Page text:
When my wife was diagnosed with breast cancer we were shocked ....at 32 years old it's not something a person should have to deal with. We held off trying to explain it to our young children until we had a plan for her treatment. Even still, my 9-year-old daughter had been paying attention to Mommy's doctor appointments and burst into tears asking me if Mommy was dying and if she is sick "like grandma was sick". My wife's mother also had breast cancer and my daughter's memory was sharp.
We researched all we could online, and I wrote down many questions prior to her initial consultation. Due to Coronavirus, I was not allowed to go to this consultation to comfort my wife or form my impression on the doctors who I was asked to trust with my wife's life. During that initial consult, I was so frustrated trying to hear everything over a conference call. My wife was going through the hardest, most terrifying experience of her life, completely alone. I felt helpless and useless! That day is when Amy Boodry started caring for my wife.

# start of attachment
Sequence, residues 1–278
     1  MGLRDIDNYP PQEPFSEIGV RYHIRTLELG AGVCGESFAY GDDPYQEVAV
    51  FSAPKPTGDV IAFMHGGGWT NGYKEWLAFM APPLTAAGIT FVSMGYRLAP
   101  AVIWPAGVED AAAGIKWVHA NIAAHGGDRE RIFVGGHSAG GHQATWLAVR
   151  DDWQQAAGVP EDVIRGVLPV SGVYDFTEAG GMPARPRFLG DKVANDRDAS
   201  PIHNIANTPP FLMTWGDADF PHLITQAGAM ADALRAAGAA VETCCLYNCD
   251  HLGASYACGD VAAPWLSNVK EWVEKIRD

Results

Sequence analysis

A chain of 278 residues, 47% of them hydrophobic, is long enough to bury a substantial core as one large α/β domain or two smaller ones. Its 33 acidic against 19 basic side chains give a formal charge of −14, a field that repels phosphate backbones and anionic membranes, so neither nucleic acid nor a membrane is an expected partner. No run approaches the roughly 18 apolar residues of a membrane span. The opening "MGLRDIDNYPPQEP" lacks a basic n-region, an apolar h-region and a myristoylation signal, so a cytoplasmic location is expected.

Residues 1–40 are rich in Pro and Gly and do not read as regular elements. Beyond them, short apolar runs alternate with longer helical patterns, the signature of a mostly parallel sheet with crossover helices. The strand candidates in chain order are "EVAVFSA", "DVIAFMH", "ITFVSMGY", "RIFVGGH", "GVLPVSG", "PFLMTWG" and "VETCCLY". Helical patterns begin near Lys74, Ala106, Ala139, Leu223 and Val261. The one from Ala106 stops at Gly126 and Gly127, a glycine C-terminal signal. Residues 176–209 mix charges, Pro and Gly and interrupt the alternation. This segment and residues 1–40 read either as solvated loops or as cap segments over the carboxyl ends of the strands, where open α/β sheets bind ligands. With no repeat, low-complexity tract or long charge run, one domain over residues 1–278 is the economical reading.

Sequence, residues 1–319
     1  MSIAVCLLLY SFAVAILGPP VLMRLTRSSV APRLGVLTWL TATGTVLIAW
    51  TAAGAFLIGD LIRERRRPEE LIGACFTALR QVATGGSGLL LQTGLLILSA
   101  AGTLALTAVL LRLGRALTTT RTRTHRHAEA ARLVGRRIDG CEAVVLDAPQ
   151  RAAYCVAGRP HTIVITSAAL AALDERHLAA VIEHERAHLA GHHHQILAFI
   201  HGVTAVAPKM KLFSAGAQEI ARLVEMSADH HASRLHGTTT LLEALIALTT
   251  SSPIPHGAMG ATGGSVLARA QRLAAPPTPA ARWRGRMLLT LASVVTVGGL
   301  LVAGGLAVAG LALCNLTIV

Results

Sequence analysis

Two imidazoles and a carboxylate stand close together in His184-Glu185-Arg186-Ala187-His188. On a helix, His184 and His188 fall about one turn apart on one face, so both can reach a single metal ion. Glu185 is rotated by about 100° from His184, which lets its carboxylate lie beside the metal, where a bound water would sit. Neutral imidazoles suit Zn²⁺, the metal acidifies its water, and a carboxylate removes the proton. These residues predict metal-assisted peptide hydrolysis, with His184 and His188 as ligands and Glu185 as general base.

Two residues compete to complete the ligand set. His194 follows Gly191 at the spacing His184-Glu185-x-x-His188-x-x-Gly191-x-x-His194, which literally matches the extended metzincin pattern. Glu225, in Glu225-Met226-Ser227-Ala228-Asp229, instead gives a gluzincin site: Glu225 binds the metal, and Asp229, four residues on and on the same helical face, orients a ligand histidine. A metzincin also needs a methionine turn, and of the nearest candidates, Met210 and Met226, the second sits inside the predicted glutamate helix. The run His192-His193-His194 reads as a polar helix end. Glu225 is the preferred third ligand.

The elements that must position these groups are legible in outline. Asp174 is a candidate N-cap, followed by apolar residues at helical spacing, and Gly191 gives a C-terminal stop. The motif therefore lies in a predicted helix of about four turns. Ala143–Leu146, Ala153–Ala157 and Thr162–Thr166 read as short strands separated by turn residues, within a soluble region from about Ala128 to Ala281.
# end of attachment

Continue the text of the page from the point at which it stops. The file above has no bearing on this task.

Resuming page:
My wife was alone waiting for lab work when Amy greeted her, talked to her, and for the first time in all her appointments she now had a friend who cared. Amy requested to be my wife's nurse for her first two rounds of chemotherapy. She coordinated with my wife's Nurse Navigator to allow me clearance as an approved visitor. Otherwise, I would not have been allowed at any of my wife's appointments this whole time. I can't express in words how much that has meant to me. Amy has been there for my wife for months now. Amy has gone out of her way to find my wife on her treatment days to catch up and ask how she's doing and offer hope and encouragement. Because of Amy, my wife has had a friend through this extremely difficult journey. There are many factors that make a great nurse, clinical knowledge, professionalism, skills. Something no school can teach is true compassion something exemplified by Amy. Thank you so much for opening your heart to include my wife.